There were times I dissociated from reality. I felt numb or unable to feel. For prolonged periods of time, everything around me looked and felt fake. I remember a day when the multi-coloured fall leaves blowing by looked like plastic—nature was ugly and lacked any meaning or beauty. I felt as if I was living in a doll house where nothing around me was real.

At other times, I heard voices in my head telling me over and over again: "You are worthless, you are worthless, you are worthless..."

Finding peace and helping others

In the last four years I have found true health and well-being. I now have a sense of peace in my mind, gained through a combination of psychiatric medications that work for me (I cannot go without them), learning dialectical behavioural techniques to handle my emotions, furthering my college education, and engaging in meaningful activities. I am doing wonderfully!

My work at the BC Schizophrenia Society – Victoria Branch has given me confidence and the chance to support others with mental illness through their journey. Supporting others has helped me in my own recovery: I feel less alone and stigmatized, and have gained a sense of purpose in life. I am now a certified community mental health worker. As a peer support worker at BCSS Victoria, I work one-to-one and in groups with people who have various mental illnesses, including BPD. With the help of two young women with BPD, a family member and a committee, I have started a local support group for people with BPD and family members.

I also co-facilitate the New Light Recovery Workshop, a psychoeducational workshop that is part of the Peer Support Program at BCSS Victoria. This workshop is for people with any mental health diagnosis, who experience overwhelming emotions. Although based on dialectical behavioural therapy (DBT), the workshop emphasizes that the facilitators are people who are also in recovery (peers) and are therefore not professionals offering any form of therapy. To ensure this understanding, skills are referred to as "dialectical behavioural techniques."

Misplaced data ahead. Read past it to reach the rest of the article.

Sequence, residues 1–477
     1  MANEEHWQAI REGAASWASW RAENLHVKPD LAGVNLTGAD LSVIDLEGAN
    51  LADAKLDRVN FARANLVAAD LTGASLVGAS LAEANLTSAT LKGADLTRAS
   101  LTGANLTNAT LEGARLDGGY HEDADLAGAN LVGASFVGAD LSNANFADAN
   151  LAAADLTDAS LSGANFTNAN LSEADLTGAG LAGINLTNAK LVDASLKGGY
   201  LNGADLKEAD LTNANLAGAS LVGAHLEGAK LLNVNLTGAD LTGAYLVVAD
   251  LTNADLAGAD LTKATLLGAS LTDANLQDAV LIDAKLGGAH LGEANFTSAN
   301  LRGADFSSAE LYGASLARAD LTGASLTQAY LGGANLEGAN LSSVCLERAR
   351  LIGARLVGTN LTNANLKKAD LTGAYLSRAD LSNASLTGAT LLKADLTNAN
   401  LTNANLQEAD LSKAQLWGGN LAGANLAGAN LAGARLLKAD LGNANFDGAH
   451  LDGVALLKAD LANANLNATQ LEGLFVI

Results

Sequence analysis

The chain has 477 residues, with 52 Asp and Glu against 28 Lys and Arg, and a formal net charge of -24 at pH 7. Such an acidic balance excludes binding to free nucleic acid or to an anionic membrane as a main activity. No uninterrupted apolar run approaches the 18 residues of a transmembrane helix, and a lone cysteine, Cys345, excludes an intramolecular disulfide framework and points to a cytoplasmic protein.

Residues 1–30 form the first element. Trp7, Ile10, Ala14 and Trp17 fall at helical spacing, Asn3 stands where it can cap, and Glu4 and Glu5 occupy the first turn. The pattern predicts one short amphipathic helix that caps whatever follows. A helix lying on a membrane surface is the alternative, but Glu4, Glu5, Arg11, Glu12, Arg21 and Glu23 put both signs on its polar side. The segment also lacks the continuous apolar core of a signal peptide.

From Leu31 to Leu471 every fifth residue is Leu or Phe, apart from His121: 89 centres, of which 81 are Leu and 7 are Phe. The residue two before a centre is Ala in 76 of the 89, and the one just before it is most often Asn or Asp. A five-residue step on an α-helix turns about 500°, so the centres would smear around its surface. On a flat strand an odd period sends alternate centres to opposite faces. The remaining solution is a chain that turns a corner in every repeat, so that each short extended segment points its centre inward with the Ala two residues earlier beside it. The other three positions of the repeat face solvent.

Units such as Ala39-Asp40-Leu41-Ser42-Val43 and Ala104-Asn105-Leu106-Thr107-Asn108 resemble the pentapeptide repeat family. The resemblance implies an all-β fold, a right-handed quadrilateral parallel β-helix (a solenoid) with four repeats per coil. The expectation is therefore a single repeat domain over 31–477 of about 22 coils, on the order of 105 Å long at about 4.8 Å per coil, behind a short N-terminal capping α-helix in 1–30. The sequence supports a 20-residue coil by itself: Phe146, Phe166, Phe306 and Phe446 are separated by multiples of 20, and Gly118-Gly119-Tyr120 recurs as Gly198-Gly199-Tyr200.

I am no longer my illness. I am a daughter, a sister, a team member, a facilitator, an artist, a public speaker, a volunteer, a passionate person, a caring person, a nature lover (I see beauty again!), an animal lover, an advocate, a spiritual person, an avid novel reader, a bell collector, a person who knows myself well...I am Elizabeth Charlotte Bogod.

About the author

Elizabeth is a Community Mental Health Worker and works as a Peer Support Worker with the BC Schizophrenia Society – Victoria Branch. She helped start a local borderline personality disorder support group, and co-facilitates the New Light Recovery Workshop, a peer-led dialectical behavioural techniques workshop for people with various mental illnesses


  1. Borderline Personality Disorder Resource Centre, NY-Presbyterian, The University Hospital of Columbia and Cornell. (n.d.). What is borderline personality disorder? Facts and statistics.